Asking around about favorite holiday memories, common themes come up. Childhood surprises and traditions are big. Special foods, traditional blessings, decorations, and song abound. But through all those things, the common thread is people.

We need each other; relationships are special. Family is usually front and center, but special memories and times often reach beyond family.

Sharing a low beach fire with grandchildren on a late summer night while watching a red crescent moon set silently into the lake is unbeatable. Far from any town or light, as blackness descends, the night sky unlocks a limitless treasure trove of stars; unimaginable in distance or dimension. We crane our necks to try to take it in. The vastness and density of stars, milky way, occasional satellite or rare prize of a shooting star bind us in common awe. It’s a prize night.

Two seemingly unrelated stories recently came my way.  They tie together.

The first was from a friend, concerned about a smart woman in her nineties used to making decisions and managing her life, who found herself unable to access needed medical support. This woman, a retired nurse with complex medical issues, felt frustrated and increasingly vulnerable; understanding what needed to happen, yet unable to find physicians accepting new patients.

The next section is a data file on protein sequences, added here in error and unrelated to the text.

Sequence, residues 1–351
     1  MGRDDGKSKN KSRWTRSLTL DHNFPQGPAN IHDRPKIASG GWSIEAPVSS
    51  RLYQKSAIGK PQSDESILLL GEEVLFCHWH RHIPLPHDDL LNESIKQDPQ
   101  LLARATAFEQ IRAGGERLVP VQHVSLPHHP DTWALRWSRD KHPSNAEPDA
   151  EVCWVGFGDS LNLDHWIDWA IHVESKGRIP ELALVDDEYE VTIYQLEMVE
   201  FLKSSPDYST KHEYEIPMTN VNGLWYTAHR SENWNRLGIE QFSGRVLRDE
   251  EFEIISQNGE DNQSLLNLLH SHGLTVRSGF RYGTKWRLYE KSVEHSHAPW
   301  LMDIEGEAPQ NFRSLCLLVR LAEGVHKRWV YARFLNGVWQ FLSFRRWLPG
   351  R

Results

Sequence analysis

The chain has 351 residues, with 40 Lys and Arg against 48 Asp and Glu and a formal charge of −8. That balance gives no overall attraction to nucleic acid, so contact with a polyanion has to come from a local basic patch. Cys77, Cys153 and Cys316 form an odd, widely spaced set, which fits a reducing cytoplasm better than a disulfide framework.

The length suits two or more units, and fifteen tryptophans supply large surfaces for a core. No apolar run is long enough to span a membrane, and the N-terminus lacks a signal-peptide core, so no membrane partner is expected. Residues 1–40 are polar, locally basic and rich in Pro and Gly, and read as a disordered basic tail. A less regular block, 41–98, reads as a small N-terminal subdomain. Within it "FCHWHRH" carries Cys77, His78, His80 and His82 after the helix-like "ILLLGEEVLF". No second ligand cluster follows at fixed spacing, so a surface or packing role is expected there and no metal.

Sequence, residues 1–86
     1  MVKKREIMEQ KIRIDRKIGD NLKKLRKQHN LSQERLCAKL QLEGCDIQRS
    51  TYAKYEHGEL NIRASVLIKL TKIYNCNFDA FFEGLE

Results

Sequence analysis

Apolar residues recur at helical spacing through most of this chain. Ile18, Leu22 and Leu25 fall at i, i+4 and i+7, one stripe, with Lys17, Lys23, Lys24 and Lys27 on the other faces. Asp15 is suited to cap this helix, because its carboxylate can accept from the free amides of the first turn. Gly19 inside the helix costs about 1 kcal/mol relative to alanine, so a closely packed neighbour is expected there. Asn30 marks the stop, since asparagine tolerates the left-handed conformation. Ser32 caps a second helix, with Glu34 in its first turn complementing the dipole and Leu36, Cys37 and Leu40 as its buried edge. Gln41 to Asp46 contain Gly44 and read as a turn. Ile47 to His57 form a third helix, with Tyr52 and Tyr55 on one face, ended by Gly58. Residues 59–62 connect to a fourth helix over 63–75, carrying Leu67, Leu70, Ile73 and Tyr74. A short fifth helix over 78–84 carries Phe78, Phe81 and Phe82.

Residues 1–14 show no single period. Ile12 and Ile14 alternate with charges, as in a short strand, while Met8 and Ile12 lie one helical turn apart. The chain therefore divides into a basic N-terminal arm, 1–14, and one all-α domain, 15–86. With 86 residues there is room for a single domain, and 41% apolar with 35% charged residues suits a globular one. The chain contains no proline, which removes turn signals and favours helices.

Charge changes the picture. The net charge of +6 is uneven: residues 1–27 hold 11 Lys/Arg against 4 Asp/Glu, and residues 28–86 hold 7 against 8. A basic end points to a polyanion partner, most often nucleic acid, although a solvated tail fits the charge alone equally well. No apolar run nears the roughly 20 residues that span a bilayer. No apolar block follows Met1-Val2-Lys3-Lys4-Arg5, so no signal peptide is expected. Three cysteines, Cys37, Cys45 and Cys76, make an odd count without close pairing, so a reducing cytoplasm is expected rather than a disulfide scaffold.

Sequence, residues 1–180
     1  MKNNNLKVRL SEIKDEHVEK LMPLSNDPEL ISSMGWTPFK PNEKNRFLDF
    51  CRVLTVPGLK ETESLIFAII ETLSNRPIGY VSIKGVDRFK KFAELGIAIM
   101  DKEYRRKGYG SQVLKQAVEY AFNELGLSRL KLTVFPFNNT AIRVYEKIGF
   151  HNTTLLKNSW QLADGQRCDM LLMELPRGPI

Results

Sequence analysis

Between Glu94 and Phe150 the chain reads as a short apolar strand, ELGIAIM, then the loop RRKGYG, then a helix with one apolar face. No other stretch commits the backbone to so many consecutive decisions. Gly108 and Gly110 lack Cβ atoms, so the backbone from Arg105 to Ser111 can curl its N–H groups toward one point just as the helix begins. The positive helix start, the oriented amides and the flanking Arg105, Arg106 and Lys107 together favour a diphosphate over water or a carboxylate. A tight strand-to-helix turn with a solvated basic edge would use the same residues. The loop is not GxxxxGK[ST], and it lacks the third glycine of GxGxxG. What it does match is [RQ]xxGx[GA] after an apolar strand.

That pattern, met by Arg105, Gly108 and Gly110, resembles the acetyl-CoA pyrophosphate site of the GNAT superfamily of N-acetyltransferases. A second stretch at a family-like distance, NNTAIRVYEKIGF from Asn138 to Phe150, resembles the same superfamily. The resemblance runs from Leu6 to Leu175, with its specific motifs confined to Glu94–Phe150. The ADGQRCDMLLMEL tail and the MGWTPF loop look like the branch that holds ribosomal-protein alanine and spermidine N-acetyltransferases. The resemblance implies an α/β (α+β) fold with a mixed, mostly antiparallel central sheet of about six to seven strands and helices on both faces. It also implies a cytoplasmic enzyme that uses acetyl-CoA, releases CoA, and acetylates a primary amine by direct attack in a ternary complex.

The second story was about a twenty-six year old woman launching a career studying age. As an undergraduate freshman, she was horrified to discover people who need assistance with common household tasks or bodily functions, often felt shame over their condition. She came to view the world through a social justice lens and began to figure out what effects living in an ageist society had upon assumptions about life, death, and dignity.

Did you know that counting inland lakes and rivers, seventy percent of Berrien County residents live within one mile of a body of water? Not only are there forty miles of Lake Michigan coastline, southwest Michigan boasts 306 inland lakes and rivers as well. Couple that natural beauty with railroad, shipping and easy interstate connections to nearby cities, and you have core assets needed for economic growth. What a glorious area we live in!

                As a member of the Cornerstone Alliance Board, I’ve been privy to the impressive economic development work of the Alliance for some time. They are a local powerhouse responding to and attracting businesses seeking a place to call home. Now, recent creation of the Berrien County Economic Development Partnership offers a whole new level of collaboration.